The Great Pyrenees didn't get its name for nothing—this giant breed looks imposing. Though he is large, the calm, composed Pyr is a loyal breed with an ingrained desire to protect small animals, children, and his family. And though he's not the best listener—he has more important things to do—he is highly intelligent. Great Pyrenees have been used to watch over flocks of sheep for centuries. They were bred to make decisions without a person, and their self-assured, strong-willed nature has stuck around. This is a serious breed that benefits from having a job or he may find his own, or become destructive.
The Great Pyrenees may be referred to as Pyr and is known as the Pyrenean Mountain Dog outside of North America.
The Great Pyrenees has a weather-resistant double coat that consists of a thick, coarse overcoat over a wooly undercoat. The white coat may have some coloring around the face. The hair on the face and ears is shorter and finer than the rest of the coat.
Average Height: 26-32 inches
Male: 110-130 pounds
Female: 90-115 pounds
Breed Standard & History
The elegant and majestic Great Pyrenees is graceful and regal. Though large, the Great Pyrenees should always appear balanced, rather than bulky. The wedge-shaped, round head and expressive eyes appear elegant and noble. V-shaped, rounded ears are carried close to the head and low. The head should not be too heavy or narrow. The chest is moderately deep and shoulders and legs appear powerful and muscular. The plumed tail may be carried over the back or low. The white, weather-resistant double coat is wooly underneath with a thick overcoat. A face mask of a darker color is allowed if no more than a third of the body displays color. The confident, gentle nature of the Great Pyrenees is of great importance in the breed—he is independent and strong-willed, yet loyal, fearless, and attentive. – AKC Breed Standards
The hardy Great Pyrenees has been used for centuries as a shepherd's dog in the Pyrenees Mountains of France and Spain. The earliest ancestors of the Pyr may have originated in Asia Minor thousands of years ago and before their introduction to Spain around 3000 B.C. Fossils from the Bronze age show what is thought to be the remains of the ancestors of the modern Great Pyrenees.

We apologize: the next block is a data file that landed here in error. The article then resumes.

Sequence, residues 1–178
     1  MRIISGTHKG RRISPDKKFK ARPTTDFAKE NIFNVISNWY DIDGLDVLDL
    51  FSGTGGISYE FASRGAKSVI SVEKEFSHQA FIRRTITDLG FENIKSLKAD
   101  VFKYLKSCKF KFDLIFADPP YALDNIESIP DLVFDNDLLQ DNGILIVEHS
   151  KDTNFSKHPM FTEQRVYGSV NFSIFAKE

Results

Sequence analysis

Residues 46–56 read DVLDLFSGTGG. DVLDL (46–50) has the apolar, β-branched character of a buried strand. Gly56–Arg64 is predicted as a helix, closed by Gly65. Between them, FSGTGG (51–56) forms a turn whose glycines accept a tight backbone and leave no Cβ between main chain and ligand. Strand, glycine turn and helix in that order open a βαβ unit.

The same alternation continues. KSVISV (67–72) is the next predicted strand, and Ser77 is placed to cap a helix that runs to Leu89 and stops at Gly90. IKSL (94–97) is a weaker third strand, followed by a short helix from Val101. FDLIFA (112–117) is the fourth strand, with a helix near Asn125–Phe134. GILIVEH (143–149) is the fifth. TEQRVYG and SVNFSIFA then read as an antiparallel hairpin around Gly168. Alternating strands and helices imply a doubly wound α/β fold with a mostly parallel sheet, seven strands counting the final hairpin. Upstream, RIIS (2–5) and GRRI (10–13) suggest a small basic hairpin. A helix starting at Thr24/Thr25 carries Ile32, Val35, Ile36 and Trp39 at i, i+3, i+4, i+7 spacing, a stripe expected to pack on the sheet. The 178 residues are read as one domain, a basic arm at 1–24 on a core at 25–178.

The primary use for the Great Pyr historically was as a caretaker for livestock, but their majestic appearance and usefulness earned them the title of the Royal Dog of France in the early 15th century, contributing to the breed's popularity among royalty and nobility.
Their reach extended to Newfoundland, and they are credited for the development of the Landseer Newfoundland. Pyrs were also used to redevelop the St. Bernard in Switzerland, before the Pyr itself needed saving from extinction due to improper breeding practices and dwindling numbers after World War I.
Great Pyrenees made their way to the United States in the 1930s when a couple imported some to Massachusetts. This may have saved the breed from extinction, as World War II brought the importation of dogs and breeding programs to a halt.
The current breed standard for the Great Pyrenees was adopted by the American Kennel Club (AKC) in 1933.
AKC Breed Category
The loyal, devoted Great Pyrenees is gentle and affectionate with family, but may be suspicious of new people. He needs a job to do, whether it's guarding livestock, nannying the children, or pulling a cart. A job gives the Pyr a sense of purpose, and he completes his duty with pride. Great Pyrenees are steady, even-tempered dogs who are highly intelligent, but they may be difficult to train, as they were bred to think for themselves and they're not fond of being told what to do. They try to assert dominance, so they need someone who will take the lead without question to prevent a pushy, ill-behaved dog. They may be difficult for first-time dog owners who aren't willing to put the effort into training them.
Are Great Pyrenees Good with Kids? Great Pyrenees are fond of children, and when given the appropriate training will do well with kids of all ages. Great Pyrs protect children and will likely follow them around to ensure their safety.